Sivut kuvina

to visit him, and they have lasted, with scarce an interval, to this very day. Yet all the while he has been the object of a love that is unchangeable and eternal, and the heir of promises that fill the future with glory, and run parallel with the world's course.

Foremost among the causes that have made the Jew what he is, we have placed "the heart of stone." This root of bitterness is common to

him with the idolater of India and the infidel of Europe. To add to this evil, original bias, there comes next a perverted education. His fetters grow stronger with each successive year. What his education began is perfected and finished by the Talmud. The longer he studies it, the further he wanders from light into darkness. Intercourse with mankind, or reading, might tend to open and expand his mind; but, alas! he lives apart and all his prejudices and prepossessions are strengthened and confirmed by this isolation, and by the remembrance of the injustice and oppression with which he was treated in former ages, and with which, in too many countries, he is still treated. All these are barriers between him and the Gospel, which the Spirit's almighty and sovereign power alone can enable him to surmount.


Let us now speak of those impediments which are external. In what light does the world appear to the Jew? Let us try to look at it as it presents itself to him. Is there much in it fitted, at first-sight at least, to shake his faith in the religion which he has received from his ancestors? When he surveys the systems around him, and compares his own with them, what is there to make him conclude that his is less pure, less elevated, less divine? In Pagan lands, what does he behold but idols, grim, uncouth, and monstrous; adored by a worship that is childish, immoral, or bloody, and connected with dogmas which are ridiculous, incredible, or revolting. Is it for the system of Brahminism or Budhism that the Jew is to forsake the institute of Moses? Is it for such notions as the Shasters can give him of Vishnu, that he is to renounce the simple, yet sublime and spiritual idea which the Old Testament presents of Jehovah? Is he to turn away from Him that sits between the cherubim, to bow before Juggernaut? The Jew is not likely to exchange even the Talmud, foolish and absurd as its teaching is, for the sacred books of the Brahmin. Modern Judaism, corrupt as it is, placed beside the gross and sensual system of Hinduism, appears a spiritual and heavenly conception.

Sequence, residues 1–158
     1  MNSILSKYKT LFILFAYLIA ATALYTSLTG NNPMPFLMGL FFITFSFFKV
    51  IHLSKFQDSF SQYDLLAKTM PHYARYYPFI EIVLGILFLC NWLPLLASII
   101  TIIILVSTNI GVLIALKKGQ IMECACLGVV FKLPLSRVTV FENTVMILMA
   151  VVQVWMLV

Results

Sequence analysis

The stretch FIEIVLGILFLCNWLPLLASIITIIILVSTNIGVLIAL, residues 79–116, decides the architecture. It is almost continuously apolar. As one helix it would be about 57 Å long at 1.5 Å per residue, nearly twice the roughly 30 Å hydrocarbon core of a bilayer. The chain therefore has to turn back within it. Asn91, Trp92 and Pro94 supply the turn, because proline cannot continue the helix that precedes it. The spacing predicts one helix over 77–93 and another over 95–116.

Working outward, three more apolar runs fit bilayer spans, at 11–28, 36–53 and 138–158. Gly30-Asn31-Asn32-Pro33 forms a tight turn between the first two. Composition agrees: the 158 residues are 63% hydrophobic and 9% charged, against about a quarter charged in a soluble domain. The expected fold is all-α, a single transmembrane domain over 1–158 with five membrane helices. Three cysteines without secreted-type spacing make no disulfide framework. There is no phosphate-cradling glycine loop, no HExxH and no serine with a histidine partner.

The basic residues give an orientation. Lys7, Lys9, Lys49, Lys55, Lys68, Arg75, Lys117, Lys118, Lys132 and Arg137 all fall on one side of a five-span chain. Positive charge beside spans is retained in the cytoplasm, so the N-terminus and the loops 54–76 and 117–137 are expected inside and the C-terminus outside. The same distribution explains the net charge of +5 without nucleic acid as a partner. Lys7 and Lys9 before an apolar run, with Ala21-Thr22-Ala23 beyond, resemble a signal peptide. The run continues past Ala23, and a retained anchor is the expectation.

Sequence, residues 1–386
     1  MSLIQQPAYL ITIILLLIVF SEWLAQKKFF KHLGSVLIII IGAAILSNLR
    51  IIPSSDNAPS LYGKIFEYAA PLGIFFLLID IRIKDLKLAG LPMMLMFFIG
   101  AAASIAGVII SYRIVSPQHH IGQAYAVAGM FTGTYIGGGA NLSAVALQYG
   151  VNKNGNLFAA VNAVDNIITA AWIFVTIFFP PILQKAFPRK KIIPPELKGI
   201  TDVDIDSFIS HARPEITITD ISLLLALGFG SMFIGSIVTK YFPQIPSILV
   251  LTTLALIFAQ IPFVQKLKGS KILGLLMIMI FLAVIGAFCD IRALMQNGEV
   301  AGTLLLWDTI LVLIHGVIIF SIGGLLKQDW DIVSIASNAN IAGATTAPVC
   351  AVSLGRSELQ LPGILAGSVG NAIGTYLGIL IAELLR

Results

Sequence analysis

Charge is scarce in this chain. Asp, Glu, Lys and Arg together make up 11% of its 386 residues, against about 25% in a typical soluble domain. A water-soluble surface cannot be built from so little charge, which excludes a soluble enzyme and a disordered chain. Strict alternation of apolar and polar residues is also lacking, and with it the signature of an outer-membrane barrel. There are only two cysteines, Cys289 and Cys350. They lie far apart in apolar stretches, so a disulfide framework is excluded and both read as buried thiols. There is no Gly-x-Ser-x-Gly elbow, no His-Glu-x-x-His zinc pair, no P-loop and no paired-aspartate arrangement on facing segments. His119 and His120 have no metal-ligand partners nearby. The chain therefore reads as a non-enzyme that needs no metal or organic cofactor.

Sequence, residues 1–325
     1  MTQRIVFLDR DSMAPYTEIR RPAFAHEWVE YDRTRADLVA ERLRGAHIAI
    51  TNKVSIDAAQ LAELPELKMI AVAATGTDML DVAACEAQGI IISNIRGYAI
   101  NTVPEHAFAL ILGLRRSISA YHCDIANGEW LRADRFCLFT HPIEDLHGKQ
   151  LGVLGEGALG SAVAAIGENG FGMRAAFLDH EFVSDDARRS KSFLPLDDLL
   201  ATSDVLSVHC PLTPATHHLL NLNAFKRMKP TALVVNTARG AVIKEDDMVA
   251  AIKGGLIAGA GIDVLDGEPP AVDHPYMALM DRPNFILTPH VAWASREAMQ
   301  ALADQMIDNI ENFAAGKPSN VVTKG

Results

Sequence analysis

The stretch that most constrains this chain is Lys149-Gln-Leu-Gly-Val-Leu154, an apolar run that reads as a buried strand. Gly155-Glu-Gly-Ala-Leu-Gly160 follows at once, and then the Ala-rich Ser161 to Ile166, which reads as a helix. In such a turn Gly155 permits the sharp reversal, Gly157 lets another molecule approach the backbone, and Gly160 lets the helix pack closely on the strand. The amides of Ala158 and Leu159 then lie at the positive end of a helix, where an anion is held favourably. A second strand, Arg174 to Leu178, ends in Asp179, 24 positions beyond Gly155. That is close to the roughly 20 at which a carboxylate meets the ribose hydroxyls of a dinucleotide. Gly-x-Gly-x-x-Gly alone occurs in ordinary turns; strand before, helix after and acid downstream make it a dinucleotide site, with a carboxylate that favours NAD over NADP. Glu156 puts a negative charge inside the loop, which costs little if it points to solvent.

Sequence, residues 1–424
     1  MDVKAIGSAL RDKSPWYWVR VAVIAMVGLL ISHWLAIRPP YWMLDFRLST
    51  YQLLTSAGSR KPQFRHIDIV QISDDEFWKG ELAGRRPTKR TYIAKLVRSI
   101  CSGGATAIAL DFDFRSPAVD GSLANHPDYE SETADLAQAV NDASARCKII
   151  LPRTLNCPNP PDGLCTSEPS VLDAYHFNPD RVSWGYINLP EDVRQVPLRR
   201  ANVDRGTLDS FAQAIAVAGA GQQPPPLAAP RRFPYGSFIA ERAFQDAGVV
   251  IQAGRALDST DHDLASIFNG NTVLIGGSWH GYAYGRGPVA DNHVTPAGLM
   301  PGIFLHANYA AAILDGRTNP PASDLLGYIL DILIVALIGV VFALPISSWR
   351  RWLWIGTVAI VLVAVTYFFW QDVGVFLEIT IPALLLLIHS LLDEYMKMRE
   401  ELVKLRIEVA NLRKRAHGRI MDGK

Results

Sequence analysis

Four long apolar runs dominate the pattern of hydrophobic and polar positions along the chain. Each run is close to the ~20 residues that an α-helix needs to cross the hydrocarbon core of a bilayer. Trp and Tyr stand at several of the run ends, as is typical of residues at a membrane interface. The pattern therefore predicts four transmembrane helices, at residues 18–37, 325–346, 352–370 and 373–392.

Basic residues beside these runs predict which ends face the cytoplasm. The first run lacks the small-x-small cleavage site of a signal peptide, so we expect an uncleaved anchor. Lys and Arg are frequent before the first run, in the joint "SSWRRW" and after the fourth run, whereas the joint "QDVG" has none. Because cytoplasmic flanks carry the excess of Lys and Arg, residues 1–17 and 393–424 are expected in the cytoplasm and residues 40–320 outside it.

In Mohammedan countries the Jew meets just as little to open his eyes to the errors of his creed. He looks around in that vast empire for the fruits that ought to accompany the religion of Heaven. He sees them nowhere: neither social virtue, nor public justice. He himself encounters only contumely and wrong. He goes back to his former creed, and clings to it with fonder reverence than ever.

When the Jew passes from Mohammedan into Popish lands, he is sensible of no change to the better. He beholds on all sides pomps, temples, and idols. Everything is loved and served save God. Since his return from Babylon, the Jew has cherished a deeply-rooted aversion to idols; and to abandon Judaism and become a Romanist, he feels would be to renounce Jehovah and become a worshipper of idols. To the Jew living at Rome, at Florence, or at Vienna, in what light can Christianity possibly appear but as a revival of Paganism? Do not Jupiter and Venus, under other names, still reign throughout Christendom? Why, then, should the Jew change his faith? Is he not better as he is?

But, it may be said, in Britain, at least, the Jew has an opportunity of seeing genuine Christianity. Here at least it is not confounded with idolatry. Granting this, still how small a portion of Christendom does Britain form, and how few Jews comparatively live in it! And even as regards those who do reside among us, how seldom do they come in contact with a living example of the Gospel! Where are the humility, the uprightness, the self-denial, the love of man, and the reverence of God, which ought to flow from Christianity? The Jew casts his eye over society, and sees wealth and pleasure eagerly pursued, the Sabbath desecrated, the holy name of God profaned, and frauds and crimes of frequent occurrence. Are the fruits of Christianity, he asks, better than those of Judaism? What will it advantage me that I exchange the synagogue for the church? Thus, the inconsistencies of real Christians, or the ungodliness of merely nominal ones, in the opinion of the Jew completely justify him in his rejection of the Gospel, and adherence to Judaism.